3. Use video assessments to connect with remote learners
It can be hard to connect with your learners now that you’re not in the same space with them, but if your learning management system (LMS) allows you to use video assessments, that’s one way for you to connect with learners.
Video assessments can be added to a course if a training manager wants to actually see learners’ progress in a course. Say your learner has to perfect a sales pitch; if you add a video your learner can upload a video of themselves giving the pitch, you can review it, and provide feedback. Used in conjunction with other forms of outreach, a video assessment allows you to to add a practice component to a remote coaching model.
4. Gamify your learning
Learners still seem unhappy? Maybe it’s time to make their training into a game.
Gamification is the introduction of game mechanics into non-game situations, like work or training. Gamification can take several forms, but in workplace learning it’s most often seen as a point system — learners learn points for taking training modules or are awarded badges. They may also on a leaderboard that ranks all staff by their training activity, and turns learning into a competition, either between team members or between teams of learners.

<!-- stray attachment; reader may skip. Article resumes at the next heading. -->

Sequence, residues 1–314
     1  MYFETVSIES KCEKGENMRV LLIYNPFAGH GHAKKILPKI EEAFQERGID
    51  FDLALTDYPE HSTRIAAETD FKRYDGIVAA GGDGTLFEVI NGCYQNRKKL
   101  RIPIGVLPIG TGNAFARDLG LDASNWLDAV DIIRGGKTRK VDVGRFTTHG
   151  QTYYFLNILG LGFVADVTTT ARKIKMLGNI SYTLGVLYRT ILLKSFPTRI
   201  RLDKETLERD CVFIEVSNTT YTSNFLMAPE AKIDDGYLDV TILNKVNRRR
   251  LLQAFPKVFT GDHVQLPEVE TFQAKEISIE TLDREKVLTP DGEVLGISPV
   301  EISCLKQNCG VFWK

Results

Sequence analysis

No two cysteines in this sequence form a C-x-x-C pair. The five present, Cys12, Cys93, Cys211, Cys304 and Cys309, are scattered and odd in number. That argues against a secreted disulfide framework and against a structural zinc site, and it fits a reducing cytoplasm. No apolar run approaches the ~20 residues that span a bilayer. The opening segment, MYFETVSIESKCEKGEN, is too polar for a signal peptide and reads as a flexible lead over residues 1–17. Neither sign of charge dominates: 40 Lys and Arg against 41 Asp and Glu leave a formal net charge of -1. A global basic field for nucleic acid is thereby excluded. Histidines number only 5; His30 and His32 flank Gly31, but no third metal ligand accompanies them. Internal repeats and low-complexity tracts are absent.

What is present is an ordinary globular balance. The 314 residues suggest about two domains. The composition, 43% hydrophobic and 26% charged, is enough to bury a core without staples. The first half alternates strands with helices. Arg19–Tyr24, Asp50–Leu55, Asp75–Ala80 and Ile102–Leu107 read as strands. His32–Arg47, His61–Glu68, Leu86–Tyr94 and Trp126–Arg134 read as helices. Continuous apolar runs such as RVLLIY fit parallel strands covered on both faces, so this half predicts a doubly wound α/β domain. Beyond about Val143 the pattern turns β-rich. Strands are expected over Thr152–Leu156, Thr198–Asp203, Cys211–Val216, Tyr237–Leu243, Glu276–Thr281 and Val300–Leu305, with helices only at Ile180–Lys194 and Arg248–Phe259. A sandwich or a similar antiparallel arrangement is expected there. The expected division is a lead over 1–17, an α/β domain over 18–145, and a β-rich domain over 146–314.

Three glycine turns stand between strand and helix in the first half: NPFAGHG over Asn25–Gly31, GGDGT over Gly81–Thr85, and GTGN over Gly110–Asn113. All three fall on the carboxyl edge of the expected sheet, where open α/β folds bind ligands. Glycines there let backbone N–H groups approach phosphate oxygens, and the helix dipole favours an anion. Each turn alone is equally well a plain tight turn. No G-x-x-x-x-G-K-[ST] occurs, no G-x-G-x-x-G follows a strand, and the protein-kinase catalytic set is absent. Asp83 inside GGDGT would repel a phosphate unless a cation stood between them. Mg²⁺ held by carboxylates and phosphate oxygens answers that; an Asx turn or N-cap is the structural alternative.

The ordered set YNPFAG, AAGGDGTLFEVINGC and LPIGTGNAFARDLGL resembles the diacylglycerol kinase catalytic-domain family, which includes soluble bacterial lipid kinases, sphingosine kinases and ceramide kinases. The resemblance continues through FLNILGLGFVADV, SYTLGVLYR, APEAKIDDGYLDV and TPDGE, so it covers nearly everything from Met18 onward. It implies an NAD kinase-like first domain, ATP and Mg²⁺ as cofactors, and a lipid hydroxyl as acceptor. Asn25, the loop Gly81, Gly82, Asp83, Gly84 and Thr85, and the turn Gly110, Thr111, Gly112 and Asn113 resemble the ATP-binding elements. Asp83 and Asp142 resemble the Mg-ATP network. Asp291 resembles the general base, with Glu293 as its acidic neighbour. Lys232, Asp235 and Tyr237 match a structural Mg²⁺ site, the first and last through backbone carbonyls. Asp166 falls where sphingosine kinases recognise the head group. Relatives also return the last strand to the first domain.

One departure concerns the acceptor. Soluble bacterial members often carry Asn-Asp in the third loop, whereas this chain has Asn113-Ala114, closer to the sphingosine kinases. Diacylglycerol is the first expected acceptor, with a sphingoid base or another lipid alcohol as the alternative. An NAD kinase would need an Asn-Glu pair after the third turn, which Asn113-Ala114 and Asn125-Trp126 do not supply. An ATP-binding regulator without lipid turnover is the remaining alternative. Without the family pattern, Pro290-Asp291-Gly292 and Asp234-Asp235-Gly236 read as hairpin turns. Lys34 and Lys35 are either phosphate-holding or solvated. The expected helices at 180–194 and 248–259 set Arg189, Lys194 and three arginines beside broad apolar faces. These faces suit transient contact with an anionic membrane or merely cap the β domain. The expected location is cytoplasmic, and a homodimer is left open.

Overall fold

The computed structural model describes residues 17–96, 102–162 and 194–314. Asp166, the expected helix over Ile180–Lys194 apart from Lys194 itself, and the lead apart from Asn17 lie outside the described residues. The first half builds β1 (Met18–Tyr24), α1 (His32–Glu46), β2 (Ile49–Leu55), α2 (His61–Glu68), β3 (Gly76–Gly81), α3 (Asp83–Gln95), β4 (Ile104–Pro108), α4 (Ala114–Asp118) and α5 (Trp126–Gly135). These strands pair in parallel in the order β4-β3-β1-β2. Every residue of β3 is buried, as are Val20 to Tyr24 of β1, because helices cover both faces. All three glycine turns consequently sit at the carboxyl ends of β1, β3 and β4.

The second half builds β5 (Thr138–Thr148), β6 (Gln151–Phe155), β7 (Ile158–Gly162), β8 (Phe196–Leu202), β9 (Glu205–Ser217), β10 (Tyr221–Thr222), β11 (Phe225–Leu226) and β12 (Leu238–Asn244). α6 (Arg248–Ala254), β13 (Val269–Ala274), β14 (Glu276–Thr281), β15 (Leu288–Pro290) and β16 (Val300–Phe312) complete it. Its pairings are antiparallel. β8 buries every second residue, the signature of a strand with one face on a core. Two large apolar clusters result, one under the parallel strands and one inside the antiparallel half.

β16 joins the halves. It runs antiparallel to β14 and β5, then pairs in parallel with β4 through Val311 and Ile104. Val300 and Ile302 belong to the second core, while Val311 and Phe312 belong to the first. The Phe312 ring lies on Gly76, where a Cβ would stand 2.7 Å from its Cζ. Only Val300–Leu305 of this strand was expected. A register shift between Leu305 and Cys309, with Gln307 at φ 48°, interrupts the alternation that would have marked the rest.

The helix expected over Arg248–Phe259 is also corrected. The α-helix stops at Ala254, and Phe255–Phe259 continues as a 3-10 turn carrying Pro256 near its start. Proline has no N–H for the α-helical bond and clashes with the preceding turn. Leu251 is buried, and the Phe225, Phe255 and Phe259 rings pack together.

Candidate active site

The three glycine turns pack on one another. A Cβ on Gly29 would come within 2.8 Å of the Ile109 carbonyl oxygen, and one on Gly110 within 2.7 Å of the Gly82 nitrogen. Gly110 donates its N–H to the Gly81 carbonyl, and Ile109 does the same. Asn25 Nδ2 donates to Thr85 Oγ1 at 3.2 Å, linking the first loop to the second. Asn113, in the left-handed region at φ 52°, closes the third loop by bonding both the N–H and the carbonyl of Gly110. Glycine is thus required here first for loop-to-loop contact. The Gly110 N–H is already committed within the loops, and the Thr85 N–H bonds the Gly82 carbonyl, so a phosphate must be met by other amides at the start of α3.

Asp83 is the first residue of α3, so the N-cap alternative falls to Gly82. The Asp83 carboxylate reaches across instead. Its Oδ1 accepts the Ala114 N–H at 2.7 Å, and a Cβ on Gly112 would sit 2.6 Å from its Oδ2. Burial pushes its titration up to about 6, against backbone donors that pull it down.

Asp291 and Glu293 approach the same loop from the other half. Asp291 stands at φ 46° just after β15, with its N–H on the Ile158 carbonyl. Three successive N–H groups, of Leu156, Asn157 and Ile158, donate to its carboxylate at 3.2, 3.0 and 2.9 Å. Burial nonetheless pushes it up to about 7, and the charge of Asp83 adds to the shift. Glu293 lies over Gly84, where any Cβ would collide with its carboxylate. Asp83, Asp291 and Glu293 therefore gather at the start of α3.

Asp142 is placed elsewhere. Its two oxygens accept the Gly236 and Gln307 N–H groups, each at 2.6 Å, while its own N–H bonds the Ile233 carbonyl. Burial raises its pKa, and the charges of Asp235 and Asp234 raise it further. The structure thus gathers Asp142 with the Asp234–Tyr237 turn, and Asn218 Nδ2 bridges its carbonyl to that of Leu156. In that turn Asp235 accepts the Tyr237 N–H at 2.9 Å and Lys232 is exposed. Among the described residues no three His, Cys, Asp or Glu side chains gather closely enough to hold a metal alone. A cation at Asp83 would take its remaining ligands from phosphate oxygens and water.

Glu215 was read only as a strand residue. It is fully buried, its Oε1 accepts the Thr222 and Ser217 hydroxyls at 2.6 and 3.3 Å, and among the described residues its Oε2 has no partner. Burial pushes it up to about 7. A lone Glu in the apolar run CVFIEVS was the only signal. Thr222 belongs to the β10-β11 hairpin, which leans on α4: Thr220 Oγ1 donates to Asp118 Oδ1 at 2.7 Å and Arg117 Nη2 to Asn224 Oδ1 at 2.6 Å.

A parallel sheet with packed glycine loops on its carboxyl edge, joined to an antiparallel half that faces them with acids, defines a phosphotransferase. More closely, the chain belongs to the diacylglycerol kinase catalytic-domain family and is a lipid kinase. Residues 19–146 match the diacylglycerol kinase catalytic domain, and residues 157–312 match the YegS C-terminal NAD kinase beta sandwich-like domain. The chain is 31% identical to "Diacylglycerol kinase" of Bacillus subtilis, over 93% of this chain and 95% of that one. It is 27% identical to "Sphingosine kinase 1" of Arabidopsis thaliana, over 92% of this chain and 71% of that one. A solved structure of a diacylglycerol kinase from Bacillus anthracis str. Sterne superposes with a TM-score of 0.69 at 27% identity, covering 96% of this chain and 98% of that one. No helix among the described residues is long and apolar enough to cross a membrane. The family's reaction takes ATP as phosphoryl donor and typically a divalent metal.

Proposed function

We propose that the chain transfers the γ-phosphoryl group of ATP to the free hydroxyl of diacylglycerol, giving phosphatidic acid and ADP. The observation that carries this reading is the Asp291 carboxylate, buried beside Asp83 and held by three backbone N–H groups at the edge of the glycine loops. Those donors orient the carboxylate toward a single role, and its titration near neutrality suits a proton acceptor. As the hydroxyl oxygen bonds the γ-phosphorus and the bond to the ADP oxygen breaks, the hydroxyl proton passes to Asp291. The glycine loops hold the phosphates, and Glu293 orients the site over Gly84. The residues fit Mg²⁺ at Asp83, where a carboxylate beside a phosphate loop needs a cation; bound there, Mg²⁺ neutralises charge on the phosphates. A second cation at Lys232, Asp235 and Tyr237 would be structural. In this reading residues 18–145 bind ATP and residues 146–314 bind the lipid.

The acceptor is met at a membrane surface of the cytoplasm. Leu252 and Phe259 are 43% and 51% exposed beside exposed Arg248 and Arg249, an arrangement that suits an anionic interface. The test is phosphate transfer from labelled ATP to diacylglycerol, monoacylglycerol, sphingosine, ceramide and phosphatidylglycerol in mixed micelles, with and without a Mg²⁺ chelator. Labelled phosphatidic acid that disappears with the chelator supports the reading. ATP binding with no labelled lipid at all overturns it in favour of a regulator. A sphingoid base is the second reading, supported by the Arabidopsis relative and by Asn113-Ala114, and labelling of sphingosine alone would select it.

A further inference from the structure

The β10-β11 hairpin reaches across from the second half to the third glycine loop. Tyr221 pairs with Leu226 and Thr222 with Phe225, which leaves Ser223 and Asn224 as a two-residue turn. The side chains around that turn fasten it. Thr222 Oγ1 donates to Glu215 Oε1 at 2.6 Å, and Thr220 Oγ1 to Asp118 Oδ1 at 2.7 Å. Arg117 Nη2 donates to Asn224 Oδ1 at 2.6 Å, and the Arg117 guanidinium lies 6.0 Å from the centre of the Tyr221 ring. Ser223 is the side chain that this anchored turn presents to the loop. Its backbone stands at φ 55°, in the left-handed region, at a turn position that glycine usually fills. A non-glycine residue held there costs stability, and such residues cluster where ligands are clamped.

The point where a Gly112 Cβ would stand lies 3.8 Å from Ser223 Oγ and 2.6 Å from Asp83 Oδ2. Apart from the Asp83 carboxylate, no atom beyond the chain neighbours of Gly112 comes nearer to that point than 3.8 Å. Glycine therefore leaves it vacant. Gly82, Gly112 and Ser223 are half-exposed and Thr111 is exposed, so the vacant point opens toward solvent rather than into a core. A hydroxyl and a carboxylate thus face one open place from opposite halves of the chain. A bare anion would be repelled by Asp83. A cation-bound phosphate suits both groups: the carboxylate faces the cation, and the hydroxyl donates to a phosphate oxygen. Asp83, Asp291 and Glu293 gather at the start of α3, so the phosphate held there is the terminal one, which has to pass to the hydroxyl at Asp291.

It may sound corny, but the psychological tactics used in gamification meet certain groups of learners’ specific needs, according to researchers. For example, learners with a strong achievement motive respond well if gamification emphasizes achievement, success and progress, while learners who are motivated by affiliation are motivated when gamification places emphasis on teamwork and membership of a group.
5. Ask your leaders to champion learning
It’s not just the immediate managers who should be reaching out. Executives should also be trying to engage learners. According to LinkedIn’s most recent Learning in the Workplace report, 83% of L&D professionals say their executives support learning and development, but not as many are active champions of learning — and to build a culture of learning in the workforce, company leaders must be actively pushing for learning and development.
What does that look like? Well, LinkedIn’s research found that when executives teach or recommend a course, engagement in training tends to explode. After all, if your CEO thinks a specific course is worth taking, many employees are likely to take it. If your CEO has created a course on leadership, plenty of employees will want to take that course because they want to know what their leader has to say about leadership.
How do you engage a team remotely?
It’s hard to keep people engaged in the office, let alone when you’re all working from home, where every employee has their own set of distractions to contend with. Fortunately, development itself is one of the strongest tools you have to combat disengagement; people love to learn.
Gallup found that if employees were engaged in learning, they were often highly engaged in other areas of their work life as well. If you can engage your team in learning well, they’ll be engaged with work — even during the dreaded third quarter.